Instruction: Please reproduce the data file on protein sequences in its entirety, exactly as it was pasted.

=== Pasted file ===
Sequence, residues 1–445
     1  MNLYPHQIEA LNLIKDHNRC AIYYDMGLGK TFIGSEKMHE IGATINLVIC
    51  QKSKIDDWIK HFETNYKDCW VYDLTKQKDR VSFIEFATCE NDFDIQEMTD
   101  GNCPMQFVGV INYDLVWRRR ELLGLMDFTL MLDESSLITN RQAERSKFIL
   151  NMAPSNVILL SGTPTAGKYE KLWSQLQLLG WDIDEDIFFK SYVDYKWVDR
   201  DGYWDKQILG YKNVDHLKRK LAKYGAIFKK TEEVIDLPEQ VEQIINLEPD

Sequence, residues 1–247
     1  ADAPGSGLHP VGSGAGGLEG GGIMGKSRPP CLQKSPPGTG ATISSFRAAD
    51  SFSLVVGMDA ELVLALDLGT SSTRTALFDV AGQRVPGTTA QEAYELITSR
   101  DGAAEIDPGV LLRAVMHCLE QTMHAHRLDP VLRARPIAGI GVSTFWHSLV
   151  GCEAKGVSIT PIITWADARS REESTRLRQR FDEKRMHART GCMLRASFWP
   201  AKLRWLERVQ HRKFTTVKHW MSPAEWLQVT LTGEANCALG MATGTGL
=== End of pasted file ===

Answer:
Sequence, residues 1–445
     1  MNLYPHQIEA LNLIKDHNRC AIYYDMGLGK TFIGSEKMHE IGATINLVIC
    51  QKSKIDDWIK HFETNYKDCW VYDLTKQKDR VSFIEFATCE NDFDIQEMTD
   101  GNCPMQFVGV INYDLVWRRR ELLGLMDFTL MLDESSLITN RQAERSKFIL
   151  NMAPSNVILL SGTPTAGKYE KLWSQLQLLG WDIDEDIFFK SYVDYKWVDR
   201  DGYWDKQILG YKNVDHLKRK LAKYGAIFKK TEEVIDLPEQ VEQIINLEPD

Sequence, residues 1–247
     1  ADAPGSGLHP VGSGAGGLEG GGIMGKSRPP CLQKSPPGTG ATISSFRAAD
    51  SFSLVVGMDA ELVLALDLGT SSTRTALFDV AGQRVPGTTA QEAYELITSR
   101  DGAAEIDPGV LLRAVMHCLE QTMHAHRLDP VLRARPIAGI GVSTFWHSLV
   151  GCEAKGVSIT PIITWADARS REESTRLRQR FDEKRMHART GCMLRASFWP
   201  AKLRWLERVQ HRKFTTVKHW MSPAEWLQVT LTGEANCALG MATGTGL